Again it has worked out that having a medical engineer in the team is a great advantage and would be an excellent addition to every mission. Michael has trained and monitored the nurses how to operate the sterilizers and prepared a SOP-document for the hospital. He was also quite busy to mend a variety of operation tables and broken medical devices which were constantly delivered to his repair room.

The opportunity of working with the Gambians enabled a depth of experience, and a unique understanding and insight into their culture. The connections and associations with people were especially significant - hearing the personal stories of life, living and working in the Gambia was heart warming and enriching. In addition, the learning that took place was enormous – the continuous sharing of professional knowledge, skills and experience will be long lasting for us all.

  

Katharina put considerable effort into teaching anaesthetic skills and spinal techniques to the local anaesthetic staff. It was fascinating to encounter various medical conditions that manifest and/or present quite differently within the African population compared to what we have experienced in Europe. And for both the Hernia International team and the local Gambian hospital staff working with us, it was most satisfying that we completed 56 operations - comprising 50 hernia repairs, 1 appendecectomy, 2 removal of lipomas, several large hydroceles, and 1 orthopaedic procedure for osteomylitis (we had 2 orthopaedic surgeons on our team).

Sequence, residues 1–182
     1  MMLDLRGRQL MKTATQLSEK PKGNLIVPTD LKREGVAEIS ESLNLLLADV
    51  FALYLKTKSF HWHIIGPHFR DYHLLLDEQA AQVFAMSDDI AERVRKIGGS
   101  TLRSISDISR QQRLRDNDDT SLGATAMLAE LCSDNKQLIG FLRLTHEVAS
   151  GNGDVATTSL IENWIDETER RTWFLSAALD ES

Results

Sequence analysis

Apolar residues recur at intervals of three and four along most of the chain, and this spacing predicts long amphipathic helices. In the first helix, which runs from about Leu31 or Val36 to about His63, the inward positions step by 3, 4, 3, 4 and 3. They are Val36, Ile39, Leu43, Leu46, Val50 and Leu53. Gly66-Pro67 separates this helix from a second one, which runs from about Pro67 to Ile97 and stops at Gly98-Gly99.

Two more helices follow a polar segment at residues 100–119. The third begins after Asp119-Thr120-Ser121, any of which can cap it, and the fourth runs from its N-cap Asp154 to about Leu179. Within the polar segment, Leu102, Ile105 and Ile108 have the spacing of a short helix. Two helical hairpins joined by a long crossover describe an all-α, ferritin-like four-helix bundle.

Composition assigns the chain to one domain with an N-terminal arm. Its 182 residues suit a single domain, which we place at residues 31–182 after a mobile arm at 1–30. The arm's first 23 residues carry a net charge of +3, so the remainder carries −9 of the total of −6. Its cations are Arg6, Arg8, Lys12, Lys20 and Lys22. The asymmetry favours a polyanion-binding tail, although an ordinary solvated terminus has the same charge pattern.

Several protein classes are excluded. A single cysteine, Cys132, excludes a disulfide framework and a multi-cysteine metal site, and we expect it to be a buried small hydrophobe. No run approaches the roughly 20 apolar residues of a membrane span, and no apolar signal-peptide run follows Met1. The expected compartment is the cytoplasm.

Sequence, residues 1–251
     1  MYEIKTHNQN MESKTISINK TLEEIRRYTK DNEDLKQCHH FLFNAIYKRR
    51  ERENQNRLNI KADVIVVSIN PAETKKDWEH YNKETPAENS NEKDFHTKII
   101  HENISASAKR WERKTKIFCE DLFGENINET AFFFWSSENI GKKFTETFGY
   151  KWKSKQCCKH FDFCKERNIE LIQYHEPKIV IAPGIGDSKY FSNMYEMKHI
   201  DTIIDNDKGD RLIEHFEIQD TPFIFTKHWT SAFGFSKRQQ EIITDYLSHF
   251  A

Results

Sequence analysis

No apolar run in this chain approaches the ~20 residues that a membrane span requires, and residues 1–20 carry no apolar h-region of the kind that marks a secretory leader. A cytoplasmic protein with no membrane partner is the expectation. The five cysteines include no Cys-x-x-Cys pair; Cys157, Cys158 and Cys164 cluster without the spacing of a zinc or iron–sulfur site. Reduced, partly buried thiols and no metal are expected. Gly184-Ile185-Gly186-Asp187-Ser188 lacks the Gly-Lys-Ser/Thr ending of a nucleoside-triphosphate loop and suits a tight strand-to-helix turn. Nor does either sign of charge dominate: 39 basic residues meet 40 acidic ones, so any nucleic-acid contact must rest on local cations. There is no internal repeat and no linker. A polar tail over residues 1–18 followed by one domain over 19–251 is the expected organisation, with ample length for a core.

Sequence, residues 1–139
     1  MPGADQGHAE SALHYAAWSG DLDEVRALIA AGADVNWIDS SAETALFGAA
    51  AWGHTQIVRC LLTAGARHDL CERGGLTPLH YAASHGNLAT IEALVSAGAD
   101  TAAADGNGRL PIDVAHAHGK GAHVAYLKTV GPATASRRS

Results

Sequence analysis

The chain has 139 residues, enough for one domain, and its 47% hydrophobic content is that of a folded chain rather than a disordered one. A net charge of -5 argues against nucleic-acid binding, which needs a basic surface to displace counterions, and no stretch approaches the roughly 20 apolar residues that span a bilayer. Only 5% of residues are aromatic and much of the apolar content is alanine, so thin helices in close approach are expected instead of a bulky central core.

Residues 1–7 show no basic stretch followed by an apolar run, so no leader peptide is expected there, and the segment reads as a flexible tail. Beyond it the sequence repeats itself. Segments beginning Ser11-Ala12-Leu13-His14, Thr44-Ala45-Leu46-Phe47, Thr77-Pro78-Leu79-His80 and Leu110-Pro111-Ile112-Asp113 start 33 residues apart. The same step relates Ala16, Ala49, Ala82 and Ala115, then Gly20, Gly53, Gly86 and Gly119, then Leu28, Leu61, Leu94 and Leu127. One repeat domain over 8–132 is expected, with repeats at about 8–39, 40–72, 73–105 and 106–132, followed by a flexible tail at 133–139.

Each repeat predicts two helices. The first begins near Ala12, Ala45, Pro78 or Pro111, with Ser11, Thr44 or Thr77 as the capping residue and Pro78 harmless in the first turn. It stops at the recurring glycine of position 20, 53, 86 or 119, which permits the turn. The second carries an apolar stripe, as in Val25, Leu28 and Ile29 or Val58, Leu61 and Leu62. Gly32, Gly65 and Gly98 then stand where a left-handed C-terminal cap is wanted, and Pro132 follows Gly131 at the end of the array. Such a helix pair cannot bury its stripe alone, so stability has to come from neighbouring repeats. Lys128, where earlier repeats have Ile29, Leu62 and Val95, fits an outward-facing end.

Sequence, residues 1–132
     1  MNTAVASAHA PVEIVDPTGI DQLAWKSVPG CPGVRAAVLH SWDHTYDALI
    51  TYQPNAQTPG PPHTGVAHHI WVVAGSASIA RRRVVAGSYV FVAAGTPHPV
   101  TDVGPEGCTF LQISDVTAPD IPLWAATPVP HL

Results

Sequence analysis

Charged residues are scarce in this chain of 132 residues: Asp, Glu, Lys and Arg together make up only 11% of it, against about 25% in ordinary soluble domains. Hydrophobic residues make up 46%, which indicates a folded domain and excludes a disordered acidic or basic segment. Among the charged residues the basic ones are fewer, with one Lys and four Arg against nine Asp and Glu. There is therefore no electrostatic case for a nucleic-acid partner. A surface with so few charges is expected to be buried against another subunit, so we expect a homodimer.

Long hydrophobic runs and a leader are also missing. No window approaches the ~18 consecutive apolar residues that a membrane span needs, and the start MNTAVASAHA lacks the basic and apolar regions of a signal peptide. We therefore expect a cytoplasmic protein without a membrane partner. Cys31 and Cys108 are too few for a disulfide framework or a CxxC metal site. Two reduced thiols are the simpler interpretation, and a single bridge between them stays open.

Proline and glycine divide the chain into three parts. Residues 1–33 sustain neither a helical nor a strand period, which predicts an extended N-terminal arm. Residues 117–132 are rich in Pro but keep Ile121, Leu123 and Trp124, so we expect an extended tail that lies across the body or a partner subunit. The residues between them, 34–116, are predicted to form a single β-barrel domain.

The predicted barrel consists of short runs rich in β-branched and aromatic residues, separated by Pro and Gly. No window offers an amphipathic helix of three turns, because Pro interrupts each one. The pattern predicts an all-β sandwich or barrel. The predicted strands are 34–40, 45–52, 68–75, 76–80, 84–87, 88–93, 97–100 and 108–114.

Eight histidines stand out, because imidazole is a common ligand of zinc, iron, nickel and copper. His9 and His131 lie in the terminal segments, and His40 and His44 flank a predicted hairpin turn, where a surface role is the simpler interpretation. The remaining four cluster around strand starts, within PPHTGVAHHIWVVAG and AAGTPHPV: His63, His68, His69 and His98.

The main impact of this mission from our prospective was the training for the two local surgeons in operating hernias in children (including general anaesthesia), providing surgical and anaesthetic material (especially sutures, mesh, Propofol, thin spinal needles) and to improve the hospitals sterilisation process to secure the success of further operations. This should be monitored by subsequent missions.

Those of us who were new to such missions, quickly learnt to let go of our normal practices and routines of working, and adapt to creative new ways within the resources available, whilst endeavouring to provide the best possible care. In Gambia, nothing is wasted, and everything used, reused, repaired and re-cycled - huge learning and lessons about new and alternative ways of working which we all have taken home to reflect on and integrate in our individual work situations.

  

There were other experiences beyond the professional work. Gambia celebrated its 50 Years of Independence whilst we were there, and part of that celebration was the laying of the first stone of a new bridge to be built near Soma where, at present there is one of the few ferries that enable a crossing of the Gambia River. Trucks piled high with peanuts and other goods currently queue for up to 2 weeks to cross the river on the ferry. There were relaxing evenings in the open courtyard of Eddy’s hotel where Jenaba, our cook, brought us her beautifully charcoaled cooked spiced chicken, fish and vegetables at the end of our working days. And there were memorable outings in the late afternoon/evenings to a local vegetable garden, scenic fishing village, the local radio station, and to the nearby Senegal border. The sound of the regular call to prayer, the stunning African sunsets, fabulous night skies and the cicadas at dusk are lasting memories, along with the special connections and friendships that were made.